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Struggle with complexity in thinking

In 1974, Edsger Dijkstra introduced the concept of separation of concerns as a way of organizing human thoughts about a subject. This principle suggests discussing complex situations in different roles, focusing on one important characteristic at a time while keeping attention on a specific aspect or manifestation of the situation. This does not mean ignoring everything else; it involves holding in focus both one aspect of the problem and the whole problem simultaneously. According to Edsger Dijkstra, this type of thinking is described as "It is being one- and multiple-track minded simultaneously."

This separation of concerns is applied recursively at each of the numerous system levels. At each system level, there are many concerns/important characteristics of the system that are discussed in sequence. Due to emergence, each level of the system starts to exhibit new properties, acquiring new characteristics that need to be discussed. Each system at each system level has multiple concerns.

By splitting the discussion of the system in two main directions, the complexity of describing/discussing the system decreases:

  • Breaking down the full discussion of the entire system into discussing its individual parts by system levels. Each part of the system is simpler than the system as a whole, making discussions more uniform at each level. Each part of the system is described by its utility concept (ConOps or OpsCon), portraying the system as a "black box." This approach disregards the internal structure of the system and its parts, hence discussions always start with the entire systems within the supra system or the entire subsystem within the system.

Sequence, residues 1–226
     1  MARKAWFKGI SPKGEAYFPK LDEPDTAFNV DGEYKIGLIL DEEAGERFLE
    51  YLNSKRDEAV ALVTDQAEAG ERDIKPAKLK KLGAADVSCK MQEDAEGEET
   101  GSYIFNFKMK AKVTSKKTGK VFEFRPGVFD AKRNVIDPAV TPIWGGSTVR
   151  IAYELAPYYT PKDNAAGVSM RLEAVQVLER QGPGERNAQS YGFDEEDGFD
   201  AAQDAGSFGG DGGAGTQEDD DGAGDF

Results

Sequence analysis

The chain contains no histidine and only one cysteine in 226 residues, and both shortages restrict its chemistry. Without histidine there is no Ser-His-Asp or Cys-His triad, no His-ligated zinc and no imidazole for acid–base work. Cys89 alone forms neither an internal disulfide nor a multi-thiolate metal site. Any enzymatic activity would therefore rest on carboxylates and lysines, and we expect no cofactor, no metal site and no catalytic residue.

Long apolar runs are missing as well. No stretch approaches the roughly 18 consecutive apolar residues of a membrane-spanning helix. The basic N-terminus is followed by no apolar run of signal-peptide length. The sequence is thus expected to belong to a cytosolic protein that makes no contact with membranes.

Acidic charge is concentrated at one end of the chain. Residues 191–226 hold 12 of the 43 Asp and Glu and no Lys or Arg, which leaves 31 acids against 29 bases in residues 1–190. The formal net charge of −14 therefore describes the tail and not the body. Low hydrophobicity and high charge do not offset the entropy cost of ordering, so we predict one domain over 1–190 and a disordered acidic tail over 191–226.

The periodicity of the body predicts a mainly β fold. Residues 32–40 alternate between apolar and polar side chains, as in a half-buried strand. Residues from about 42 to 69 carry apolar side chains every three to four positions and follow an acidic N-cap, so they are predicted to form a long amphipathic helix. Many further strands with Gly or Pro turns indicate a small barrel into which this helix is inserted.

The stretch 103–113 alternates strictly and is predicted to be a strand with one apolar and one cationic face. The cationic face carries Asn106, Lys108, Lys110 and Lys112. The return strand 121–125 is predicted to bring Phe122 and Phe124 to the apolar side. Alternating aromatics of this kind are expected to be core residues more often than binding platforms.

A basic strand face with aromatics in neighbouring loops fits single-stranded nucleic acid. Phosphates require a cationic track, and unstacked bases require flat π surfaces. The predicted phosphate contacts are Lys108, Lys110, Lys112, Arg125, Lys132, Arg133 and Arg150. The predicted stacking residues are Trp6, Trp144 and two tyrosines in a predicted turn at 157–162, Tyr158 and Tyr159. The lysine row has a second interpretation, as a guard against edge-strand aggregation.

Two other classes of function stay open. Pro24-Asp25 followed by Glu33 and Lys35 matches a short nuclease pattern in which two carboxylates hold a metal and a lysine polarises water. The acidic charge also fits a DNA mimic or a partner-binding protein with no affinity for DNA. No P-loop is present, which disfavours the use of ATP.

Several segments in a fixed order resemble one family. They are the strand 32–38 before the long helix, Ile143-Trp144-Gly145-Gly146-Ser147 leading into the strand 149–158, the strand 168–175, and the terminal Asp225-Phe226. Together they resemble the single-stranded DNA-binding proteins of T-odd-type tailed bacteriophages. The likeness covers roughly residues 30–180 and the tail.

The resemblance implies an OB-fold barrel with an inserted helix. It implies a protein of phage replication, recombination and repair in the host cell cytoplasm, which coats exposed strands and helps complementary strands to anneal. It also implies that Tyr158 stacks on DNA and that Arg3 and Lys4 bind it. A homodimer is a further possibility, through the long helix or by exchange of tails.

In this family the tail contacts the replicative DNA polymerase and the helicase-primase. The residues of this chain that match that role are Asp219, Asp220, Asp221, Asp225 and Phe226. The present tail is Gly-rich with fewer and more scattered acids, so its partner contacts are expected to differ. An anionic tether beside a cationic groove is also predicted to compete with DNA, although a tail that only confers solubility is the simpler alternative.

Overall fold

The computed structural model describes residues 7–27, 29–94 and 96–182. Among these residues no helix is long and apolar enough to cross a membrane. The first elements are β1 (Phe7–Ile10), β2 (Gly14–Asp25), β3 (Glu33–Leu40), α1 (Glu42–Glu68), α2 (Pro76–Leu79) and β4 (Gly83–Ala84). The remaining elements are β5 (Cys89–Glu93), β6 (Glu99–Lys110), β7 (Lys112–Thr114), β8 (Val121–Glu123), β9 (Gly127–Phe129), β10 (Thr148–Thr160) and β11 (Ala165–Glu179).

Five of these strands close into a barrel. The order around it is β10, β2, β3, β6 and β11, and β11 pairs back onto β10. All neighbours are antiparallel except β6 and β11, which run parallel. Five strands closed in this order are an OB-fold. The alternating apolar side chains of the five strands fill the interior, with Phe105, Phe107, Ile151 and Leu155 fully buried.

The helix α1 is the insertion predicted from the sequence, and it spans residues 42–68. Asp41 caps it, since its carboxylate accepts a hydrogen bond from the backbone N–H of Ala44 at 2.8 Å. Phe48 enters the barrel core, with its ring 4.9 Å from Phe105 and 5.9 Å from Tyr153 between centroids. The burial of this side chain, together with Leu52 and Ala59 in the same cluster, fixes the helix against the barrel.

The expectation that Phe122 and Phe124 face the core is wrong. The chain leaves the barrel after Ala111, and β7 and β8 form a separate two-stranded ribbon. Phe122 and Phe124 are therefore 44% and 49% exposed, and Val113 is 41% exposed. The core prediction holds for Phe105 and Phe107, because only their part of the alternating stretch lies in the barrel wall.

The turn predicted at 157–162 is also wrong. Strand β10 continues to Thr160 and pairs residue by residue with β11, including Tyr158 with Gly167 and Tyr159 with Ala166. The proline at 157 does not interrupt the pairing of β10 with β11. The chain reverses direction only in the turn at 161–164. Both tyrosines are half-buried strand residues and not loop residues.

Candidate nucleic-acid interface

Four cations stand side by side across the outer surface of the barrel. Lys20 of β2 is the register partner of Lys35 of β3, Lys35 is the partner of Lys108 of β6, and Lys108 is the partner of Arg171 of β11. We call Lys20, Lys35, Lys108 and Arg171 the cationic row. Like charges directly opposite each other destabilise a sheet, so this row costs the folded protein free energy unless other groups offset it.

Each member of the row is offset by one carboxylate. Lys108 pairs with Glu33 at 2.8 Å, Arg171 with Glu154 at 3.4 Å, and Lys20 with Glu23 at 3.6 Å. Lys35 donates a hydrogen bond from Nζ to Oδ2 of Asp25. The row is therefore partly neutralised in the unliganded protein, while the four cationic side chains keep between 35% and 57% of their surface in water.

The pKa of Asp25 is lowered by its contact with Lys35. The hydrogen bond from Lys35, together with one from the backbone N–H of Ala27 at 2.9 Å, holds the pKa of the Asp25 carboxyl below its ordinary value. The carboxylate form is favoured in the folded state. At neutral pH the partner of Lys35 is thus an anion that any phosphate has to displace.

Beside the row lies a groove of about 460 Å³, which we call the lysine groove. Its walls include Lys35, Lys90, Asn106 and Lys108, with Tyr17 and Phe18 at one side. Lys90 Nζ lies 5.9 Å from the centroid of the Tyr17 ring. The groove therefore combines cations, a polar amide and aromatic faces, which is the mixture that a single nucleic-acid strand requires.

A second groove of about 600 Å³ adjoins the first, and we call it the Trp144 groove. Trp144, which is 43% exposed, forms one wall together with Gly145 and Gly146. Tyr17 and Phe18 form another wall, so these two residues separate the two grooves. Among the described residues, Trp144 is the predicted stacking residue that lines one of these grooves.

• Dividing the complete discussion of each system into discussing through multiple descriptions of different aspects of the system as a transparent box: principles of interaction organization and structure of the system parts. The most significant of these descriptions is the system concept, which includes functional, constructive, and spatial descriptions, among others. During discussions, all other descriptions of the "transparent box" are utilized with precision necessary for manufacturing - these are the "work items" (source codes of software, scripts, 3D models, programs for 3D printer etc.).

Systems of creation will be discussed separately, but more on that later. Nevertheless, systems thinking also requires keeping them in mind!

A detailed discussion on the various aspects of huge complex systems principially (due to the essence of the systemic approach) can be broken down into sufficiently smaller parts, ensuring that no part of this discussion is forgotten, and no description is overlooked. How do you eat an elephant? One bite at a time!

Systematic thinking is inherently collaborative, allowing the division of both mental (in design) and physical (in manufacturing and operation) work, engaging multiple individuals for various project roles, and detailed deliberation on the system parts at all system levels for each role interest at every system level.

But how do we agree on how to assemble all these different descriptions of various parts of the system into a unified system description? How do we get all these roles and their performers on the same page? All these descriptions can be harmonized by understanding that they describe the same position in space-time, related to the same system realization. At the core of any system discussion lies the physical system realization, considered at the operational moment (run-time), with all other reasoning linked to it.

Without a systemic approach, it is impossible to successfully execute complex projects involving a large number of different specialists within the agreed timeframe; the system will be unsuccessful, as someone's interests will not be met (i.e., forgotten, lost: the team will not pay attention to them!), resulting in errors within the system. People will not be satisfied with its performance, or with the project creating the system (they will not be satisfied with the creation systems).

Systems are discussed one part at a time, one description of the part at a time - never losing sight of the whole system in its environment, as well as its system of creation.